Branches (events 196, 197, 201, 202, 224, 226, 228, 230).  The one conditional branch in each loop is predicted correctly, except for the final iteration and at the start of a time slice; the branch is taken, and found in the Branch Target Buffer.

Instruction Fetch and Decode (events 121, 128, 129, 133, 134, 135, 40, 104, 208, 192).  One instruction is fetched per cycle; most of these are far ahead of the present loop iteration, and given the correct branch prediction, will be used in later iterations.  The loop is small, so all instructions are found in the L1 i-cache, of course with no i-TLB misses, and essentially no stalls in the instruction fetch pipe stage (less than 1 cycle in 400 iterations).  The scale loop shows far more instructions decoded than retired, but some small modifications to the compiled code can push this effect to another loop or magnify it.

Memory access (events 98, 100, 101, 102, 103, 110, 111, 112).  The external bus (between Level 2 cache and memory, among other system components) delivers 64 bits of data per bus clock when the DRDY (data ready) signal is asserted.  A burst transaction moves one full cache line, or 32 bytes.  Bus requests can be issued every 3 bus clocks, with up to 4 pending requests.  On this system, one bus clock (at 66 MHz) is three processor clocks (at 200 MHz).  An assignment requires a read-for-ownership memory operation prior to the write to memory, even on a single-processor system.  These unit-stride loops touch all the bytes in a cache line, in sequence.  If the loops are compiled to minimize memory traffic, we should expect a pattern like this, per loop iteration:

                      Bus Clocks
Bus Transaction       Copy   Scale   Add   Triad    Events
  read                  1      1      2      2      101
  read for ownership    1      1      1      1      102
    subtotal            2      2      3      3      100
  write-back            1      1      1      1      103, 98 [-b 0]
    total               3      3      4      4      110, 111, 112, 98 [-b 1]
These are all part of burst transactions, so the event counts should be divided by 4 (one 32 byte cache line is consumed in 4 iterations), or multiplied by 3 (change to processor clocks), as appropriate.  The correct branch prediction means that speculative loads (not easily distinguished with this set of performance counters) will prove to be useful.

Memory access (events 121, 162, 67, 5).  The best clue that these loops are memory-limited is that all but about three cycles of each loop are resource stalls, and those three cycles are loop control [from the previous analysis].  There are no misaligned memory references, which can be a serious problem for double-precision.

Level 1 Cache access (events 69, 70, 71).  The average cache line counts should be in units of 1/4 line per iteration.  The lines allocated in L1 d-cache per iteration should be (2, 2, 3, 3)/4, assuming scalar is maintained in a register or never leaves cache, and neglecting the loop index and addresses.  This is confirmed.  Only one of these lines is written, so the Modified-state line transit rate is (1, 1, 1, 1)/4 in and out (allocated and removed) per iteration.

Level 2 Cache access (events 36, 38, 37, 39).  The lines moving in and out of Level 1 cache must also move through Level 2, so the number of lines in and out is again (2, 2, 3, 3)/4, and the number of modified lines in and out is (1, 1, 1, 1)/4, per iteration.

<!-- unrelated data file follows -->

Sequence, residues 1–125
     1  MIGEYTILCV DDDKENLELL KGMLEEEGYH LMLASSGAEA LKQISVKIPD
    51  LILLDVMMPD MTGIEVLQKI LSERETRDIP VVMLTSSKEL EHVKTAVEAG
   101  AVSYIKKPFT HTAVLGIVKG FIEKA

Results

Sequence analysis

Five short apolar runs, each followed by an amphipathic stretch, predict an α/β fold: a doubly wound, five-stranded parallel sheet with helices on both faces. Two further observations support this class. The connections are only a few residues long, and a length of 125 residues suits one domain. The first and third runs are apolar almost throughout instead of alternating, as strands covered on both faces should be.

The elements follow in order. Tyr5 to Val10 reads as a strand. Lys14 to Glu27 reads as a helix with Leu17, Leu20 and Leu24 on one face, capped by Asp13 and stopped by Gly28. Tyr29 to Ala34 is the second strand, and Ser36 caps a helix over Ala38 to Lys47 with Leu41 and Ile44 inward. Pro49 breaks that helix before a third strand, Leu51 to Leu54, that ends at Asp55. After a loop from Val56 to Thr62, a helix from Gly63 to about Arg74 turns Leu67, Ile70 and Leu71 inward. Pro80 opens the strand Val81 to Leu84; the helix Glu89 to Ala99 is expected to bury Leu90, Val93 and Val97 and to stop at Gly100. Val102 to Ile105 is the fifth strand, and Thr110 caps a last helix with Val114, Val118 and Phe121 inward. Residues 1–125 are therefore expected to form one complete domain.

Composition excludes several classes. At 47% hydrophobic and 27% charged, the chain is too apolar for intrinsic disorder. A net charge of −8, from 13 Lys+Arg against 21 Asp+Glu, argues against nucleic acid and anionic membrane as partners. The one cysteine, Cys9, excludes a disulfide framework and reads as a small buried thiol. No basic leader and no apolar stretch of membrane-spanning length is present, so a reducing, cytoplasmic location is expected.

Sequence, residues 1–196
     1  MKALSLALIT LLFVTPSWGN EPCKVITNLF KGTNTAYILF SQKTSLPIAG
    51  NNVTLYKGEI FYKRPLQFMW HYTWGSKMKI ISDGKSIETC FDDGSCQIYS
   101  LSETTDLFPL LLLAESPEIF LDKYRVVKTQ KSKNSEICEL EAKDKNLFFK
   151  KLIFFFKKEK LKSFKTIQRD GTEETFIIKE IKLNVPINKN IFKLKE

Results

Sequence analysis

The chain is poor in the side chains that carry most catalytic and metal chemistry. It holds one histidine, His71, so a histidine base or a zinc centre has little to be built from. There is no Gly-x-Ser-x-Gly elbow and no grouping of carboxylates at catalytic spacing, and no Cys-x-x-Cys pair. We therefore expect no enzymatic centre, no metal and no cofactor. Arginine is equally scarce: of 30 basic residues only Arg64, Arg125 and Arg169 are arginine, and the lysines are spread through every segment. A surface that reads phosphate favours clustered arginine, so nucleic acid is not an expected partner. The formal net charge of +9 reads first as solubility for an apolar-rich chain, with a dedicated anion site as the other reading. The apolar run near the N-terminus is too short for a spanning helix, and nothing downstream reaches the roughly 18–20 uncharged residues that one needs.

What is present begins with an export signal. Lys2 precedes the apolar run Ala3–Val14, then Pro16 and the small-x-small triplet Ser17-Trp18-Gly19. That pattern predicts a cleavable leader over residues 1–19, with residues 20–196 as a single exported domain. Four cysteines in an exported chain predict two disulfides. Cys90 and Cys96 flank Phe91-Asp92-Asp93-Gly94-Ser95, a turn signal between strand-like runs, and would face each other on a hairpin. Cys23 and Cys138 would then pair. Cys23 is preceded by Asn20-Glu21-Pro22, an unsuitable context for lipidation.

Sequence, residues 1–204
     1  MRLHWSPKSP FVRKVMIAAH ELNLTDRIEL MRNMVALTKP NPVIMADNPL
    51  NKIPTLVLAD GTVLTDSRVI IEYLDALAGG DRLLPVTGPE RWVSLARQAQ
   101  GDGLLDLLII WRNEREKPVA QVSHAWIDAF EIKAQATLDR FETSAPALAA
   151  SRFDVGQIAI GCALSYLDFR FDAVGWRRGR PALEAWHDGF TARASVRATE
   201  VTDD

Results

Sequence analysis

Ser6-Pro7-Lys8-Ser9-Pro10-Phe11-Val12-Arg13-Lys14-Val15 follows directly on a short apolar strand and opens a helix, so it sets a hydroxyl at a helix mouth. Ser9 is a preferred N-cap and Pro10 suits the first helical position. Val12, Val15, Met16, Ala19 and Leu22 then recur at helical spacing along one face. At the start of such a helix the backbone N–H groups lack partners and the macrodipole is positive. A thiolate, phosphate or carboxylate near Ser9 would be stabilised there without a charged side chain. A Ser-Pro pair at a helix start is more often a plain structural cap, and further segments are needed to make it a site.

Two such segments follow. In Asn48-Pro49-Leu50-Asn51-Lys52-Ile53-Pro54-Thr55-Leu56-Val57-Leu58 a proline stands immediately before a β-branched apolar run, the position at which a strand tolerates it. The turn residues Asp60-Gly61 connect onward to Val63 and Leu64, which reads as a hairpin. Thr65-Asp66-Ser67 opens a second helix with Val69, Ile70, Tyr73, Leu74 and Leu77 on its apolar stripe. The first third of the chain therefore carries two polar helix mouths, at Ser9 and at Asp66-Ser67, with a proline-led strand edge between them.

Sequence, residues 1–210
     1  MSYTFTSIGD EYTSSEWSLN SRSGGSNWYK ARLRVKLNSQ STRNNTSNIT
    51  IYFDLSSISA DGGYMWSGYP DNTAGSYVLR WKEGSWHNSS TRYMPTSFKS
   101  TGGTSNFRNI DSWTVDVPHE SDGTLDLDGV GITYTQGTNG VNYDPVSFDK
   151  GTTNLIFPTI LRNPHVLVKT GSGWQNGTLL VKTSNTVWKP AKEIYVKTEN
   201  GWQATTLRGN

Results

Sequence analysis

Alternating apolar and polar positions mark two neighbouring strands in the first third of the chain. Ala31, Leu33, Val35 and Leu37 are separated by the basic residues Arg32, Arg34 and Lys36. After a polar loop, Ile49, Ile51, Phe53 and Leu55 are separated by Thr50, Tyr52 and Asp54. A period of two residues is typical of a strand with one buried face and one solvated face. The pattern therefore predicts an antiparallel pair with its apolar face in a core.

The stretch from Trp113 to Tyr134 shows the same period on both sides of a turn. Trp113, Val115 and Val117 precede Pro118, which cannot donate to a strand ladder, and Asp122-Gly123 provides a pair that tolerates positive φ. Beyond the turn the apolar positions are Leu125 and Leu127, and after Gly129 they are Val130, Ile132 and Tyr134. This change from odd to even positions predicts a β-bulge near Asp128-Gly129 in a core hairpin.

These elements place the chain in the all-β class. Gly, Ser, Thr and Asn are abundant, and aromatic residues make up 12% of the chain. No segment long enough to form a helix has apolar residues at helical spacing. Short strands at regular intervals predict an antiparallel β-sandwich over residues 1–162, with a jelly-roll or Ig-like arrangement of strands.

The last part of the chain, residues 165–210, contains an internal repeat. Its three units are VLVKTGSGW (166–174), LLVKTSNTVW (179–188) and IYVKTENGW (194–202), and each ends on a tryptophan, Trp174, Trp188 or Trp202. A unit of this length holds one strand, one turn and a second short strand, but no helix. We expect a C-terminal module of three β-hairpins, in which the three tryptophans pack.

Memory access (events 101, 102, 103, 110, 111, 112).  The lines moving in and out of Level 2 cache must also move through the memory via the external bus, so the number of lines moved on a burst-read transaction is (1, 1, 2, 2)/4, and on both a read-for-ownership transaction and write-back transaction are (1, 1, 1, 1)/4 per iteration.  The total memory bus activity is (3, 3, 4, 4)/4 transactions per loop iteration (burst transactions, memory transactions, and all transactions).  The bus transactions occur at a rate of 4.6-4.8 million per second.

Memory access (events 99, 105, 106, 107, 108, 109, 97, 122, 123, 126).  These are all zero, or nearly so.  Some will be zero on every single-processor system.

Memory access (events 100, 98 [-b 0], 98 [-b 1]).  The number of bus clock cycles per iteration where the processor is receiving data is (2, 2, 3, 3), corresponding to the read and read-for ownership transactions, and (1, 1, 1, 1) when it is supplying data, corresponding to the write-back transaction.  In total, (9, 9, 12, 12) processor cycles are devoted to data movement in each iteration.


Download the original Stream program.

Download the event codes and descriptions, slightly-modified Stream program, Stream with the PMC library, driver script, post-processing script, Stream output, performance monitors output, and performance monitors summary.

Pentium Pentium/MMX Pentium Pro Pentium II
help (-h) help (-h) help (-h) help (-h)
version (-v) version (-v) version (-v) version (-v)
all events (-l) all events (-l) all events (-l) all events (-l)
all events (-c) all events (-c) all events (-c) all events (-c)
all events (-d) all events (-d) all events (-d) all events (-d)
original code original code original code original code
modified code modified code modified code modified code
survey (sh) survey (sh) survey (sh) survey (sh)
survey.awk survey.awk survey.awk survey.awk
stream.out stream.out stream.out stream.out
survey.out survey.out survey.out survey.out
survey.sum survey.sum survey.sum survey.sum


Performance-Monitoring Counters Library, for Intel Processors and Linux
Author: Don Heller, dheller@scl.ameslab.gov
Last revised: 2 August 2000